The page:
Fantasy Flashback: The Book of Three

Welcome to Fantasy Flashback Week!
The Book of Three
Lloyd Alexander, 1964

Fantasy Flashback is a week long event in which I'm re-reading books that were important to me as a young person. Most of these are classics with publication dates in the 60's and 70's, so I feel little need to warn for spoilers, FYI.

You know how some people have a story about the first time they read a book that had a huge impression on them, that they remember where they were or how it felt or something?

I don't have a story like that.

I've been reading fantasy novels for literally as long as I can remember. Sure, I remember the first time I read Lord of the Rings, and certain other books I recall getting as presents or seeking out through libraries, but by that point I was already a confirmed life-long genre fan.

I think, though, that The Book of Three was one of my early finds.

I was a Lloyd Alexander fan for a good long time, and at one point I had read, and owned, everything he had written. As I got older and learned more about history and myth, I began to dislike the way he sometimes twisted these for his own purposes. As I recall, my breaking point was The Arkadians, which was published in 1995. I actually hated that book when I read it, because I'm very picky about my Greek myth. Even though I'm passably familiar with actual Welsh myth now, though, The Prydain Chronicles don't bother me on that level, so long as I consider them to be their own independent world.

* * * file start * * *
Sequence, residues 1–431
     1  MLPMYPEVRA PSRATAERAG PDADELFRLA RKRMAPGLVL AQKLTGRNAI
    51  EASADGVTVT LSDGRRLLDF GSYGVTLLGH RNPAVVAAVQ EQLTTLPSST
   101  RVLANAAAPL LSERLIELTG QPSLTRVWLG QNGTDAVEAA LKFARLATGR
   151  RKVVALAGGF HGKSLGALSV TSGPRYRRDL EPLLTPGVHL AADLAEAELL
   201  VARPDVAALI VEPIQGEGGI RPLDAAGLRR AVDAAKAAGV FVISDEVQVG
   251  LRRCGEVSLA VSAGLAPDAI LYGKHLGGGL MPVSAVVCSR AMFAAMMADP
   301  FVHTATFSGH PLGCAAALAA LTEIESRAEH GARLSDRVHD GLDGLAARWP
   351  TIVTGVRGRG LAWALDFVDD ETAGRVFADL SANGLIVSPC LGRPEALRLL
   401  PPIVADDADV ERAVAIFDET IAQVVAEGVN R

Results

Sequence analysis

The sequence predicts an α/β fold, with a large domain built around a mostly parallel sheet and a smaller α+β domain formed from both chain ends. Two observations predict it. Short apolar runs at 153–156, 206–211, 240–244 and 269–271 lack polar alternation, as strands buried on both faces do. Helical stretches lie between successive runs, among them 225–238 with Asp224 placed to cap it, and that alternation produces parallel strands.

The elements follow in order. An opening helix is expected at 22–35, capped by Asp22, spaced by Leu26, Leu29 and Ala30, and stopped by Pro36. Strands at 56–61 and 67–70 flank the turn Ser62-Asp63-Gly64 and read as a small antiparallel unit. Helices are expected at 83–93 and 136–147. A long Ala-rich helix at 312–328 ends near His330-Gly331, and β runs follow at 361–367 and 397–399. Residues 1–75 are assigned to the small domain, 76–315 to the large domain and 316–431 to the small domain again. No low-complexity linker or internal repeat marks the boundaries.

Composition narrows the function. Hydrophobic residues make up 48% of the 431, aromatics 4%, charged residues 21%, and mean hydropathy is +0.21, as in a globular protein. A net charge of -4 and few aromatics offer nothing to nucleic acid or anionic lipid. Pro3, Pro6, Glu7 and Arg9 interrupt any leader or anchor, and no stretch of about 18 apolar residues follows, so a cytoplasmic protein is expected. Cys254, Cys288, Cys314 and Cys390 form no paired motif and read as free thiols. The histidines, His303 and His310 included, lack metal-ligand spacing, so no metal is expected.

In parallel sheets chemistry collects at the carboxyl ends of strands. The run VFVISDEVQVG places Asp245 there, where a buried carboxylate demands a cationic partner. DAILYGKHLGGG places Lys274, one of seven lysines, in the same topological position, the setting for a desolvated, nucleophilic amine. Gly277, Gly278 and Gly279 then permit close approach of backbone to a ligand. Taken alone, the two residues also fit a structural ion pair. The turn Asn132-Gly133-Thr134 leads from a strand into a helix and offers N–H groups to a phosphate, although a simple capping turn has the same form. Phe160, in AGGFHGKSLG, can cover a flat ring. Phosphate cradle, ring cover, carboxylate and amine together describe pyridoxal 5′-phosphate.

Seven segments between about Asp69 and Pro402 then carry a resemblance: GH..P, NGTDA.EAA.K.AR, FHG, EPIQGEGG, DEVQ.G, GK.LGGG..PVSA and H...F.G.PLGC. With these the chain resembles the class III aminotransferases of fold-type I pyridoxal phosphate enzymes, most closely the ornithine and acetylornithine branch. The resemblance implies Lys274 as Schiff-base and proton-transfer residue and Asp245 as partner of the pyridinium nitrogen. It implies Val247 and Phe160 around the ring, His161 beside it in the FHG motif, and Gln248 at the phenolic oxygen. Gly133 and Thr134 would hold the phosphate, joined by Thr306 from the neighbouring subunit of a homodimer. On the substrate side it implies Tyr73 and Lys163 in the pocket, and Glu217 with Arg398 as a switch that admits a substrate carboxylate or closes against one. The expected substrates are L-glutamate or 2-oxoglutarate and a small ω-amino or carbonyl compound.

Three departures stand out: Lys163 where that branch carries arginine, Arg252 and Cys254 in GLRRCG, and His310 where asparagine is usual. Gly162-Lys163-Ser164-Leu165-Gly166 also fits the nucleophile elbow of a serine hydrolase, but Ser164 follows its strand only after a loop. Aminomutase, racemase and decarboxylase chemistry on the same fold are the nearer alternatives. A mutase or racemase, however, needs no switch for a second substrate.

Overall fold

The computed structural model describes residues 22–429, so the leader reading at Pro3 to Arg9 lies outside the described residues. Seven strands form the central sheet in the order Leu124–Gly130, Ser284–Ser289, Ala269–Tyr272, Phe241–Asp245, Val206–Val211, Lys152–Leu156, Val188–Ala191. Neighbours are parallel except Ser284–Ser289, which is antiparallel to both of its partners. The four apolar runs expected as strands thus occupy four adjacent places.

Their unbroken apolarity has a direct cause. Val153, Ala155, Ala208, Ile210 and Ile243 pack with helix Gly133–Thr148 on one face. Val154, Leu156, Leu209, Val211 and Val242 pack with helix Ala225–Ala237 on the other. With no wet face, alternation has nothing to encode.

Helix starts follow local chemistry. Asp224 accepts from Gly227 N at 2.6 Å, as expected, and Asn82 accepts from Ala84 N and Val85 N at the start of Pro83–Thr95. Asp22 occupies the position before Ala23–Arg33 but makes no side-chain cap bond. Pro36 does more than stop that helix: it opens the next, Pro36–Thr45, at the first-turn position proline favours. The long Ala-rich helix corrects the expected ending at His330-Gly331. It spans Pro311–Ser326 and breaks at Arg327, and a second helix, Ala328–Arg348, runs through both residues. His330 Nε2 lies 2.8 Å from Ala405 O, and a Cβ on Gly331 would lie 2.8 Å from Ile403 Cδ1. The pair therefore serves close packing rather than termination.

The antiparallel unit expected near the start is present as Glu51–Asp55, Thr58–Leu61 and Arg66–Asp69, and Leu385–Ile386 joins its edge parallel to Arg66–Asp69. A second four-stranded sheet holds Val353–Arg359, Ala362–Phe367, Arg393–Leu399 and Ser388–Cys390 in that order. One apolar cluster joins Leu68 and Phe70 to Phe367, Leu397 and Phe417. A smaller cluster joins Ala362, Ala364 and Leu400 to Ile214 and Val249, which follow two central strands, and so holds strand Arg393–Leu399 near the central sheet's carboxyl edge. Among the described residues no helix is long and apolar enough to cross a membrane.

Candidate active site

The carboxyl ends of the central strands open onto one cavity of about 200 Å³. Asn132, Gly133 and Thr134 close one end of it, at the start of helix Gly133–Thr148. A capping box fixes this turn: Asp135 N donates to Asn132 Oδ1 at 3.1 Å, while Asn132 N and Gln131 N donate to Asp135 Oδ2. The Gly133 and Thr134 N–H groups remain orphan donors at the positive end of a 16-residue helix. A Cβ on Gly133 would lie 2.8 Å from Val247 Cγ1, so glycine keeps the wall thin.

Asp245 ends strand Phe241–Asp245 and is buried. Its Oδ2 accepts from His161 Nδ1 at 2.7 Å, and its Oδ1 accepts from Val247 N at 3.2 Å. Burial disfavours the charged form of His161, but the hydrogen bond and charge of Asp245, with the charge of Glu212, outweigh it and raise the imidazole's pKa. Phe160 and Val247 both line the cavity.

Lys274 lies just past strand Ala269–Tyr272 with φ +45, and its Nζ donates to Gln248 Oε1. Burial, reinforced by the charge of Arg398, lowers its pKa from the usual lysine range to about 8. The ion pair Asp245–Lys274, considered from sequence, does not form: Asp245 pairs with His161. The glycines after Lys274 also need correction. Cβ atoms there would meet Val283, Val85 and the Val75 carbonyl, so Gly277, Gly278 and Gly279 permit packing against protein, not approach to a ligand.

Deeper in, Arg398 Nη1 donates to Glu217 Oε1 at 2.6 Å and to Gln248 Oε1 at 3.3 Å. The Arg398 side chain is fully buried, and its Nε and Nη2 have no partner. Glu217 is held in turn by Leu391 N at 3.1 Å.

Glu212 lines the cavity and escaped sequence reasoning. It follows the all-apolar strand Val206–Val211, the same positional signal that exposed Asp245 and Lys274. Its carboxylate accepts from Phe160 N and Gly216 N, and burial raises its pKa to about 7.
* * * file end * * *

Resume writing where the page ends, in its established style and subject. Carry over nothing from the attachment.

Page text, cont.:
All of that is a round-about way to say that I very much enjoyed re-reading this book. I forgot how much simple fun it is.

Taran is adorably eager, though somewhat inane through the beginning. It's interesting that now reading it what I sympathize with isn't Taran's frustration, but Gwydion's near-saintly patience with the boy.

I do admit to really enjoying Eilonwy's prattle. She just makes me smile.
Eilonwy held the glowing sphere close to the stone floor. “Go first,” she said. “Then I'll come down after, so I can put the stone back in place. Then, when Achren sends to have you killed, there won't be any trace at all. She'll think you disappeared into thin air – and that will make it all the more vexing. I know it isn't nice to vex people on purpose – it's like handing them a toad – but this is much too good to miss and I may never have another chance at it.”

Alexander pushes it occasionally with the dialogue, both Eilonwy's and Taran's, but usually keeps the too-ironic or too-poetic tones in check by balancing them against each other. However, I wouldn't recommend reading this for the first time as an adult. The plot wanders a bit from meeting to meeting, and adding characters takes up most of the book.

I would still recommend it as a solid fantasy adventure for youngsters. The books get more complicated and better written later in the series, much like another coming-of-age fantasy I could name. Although thankfully, these books are much shorter.

All the ratings this week come with a caveat: every book discussed this week was a five star book to 11 year-old me. So please keep that in mind, this is not a universal judgement, but a personal one.  

29 year-old me gives The Book of Three: 3 Stars - A Good Book

Tomorrow: The Farthest-Away Mountain


  1. Given that this book is really all about the setup for the rest of the series, it's still quite charming, and the series is up there on my top ten all time list. I think my favorite characters are Gurgi and Ordu, Orwen and Orgoch.


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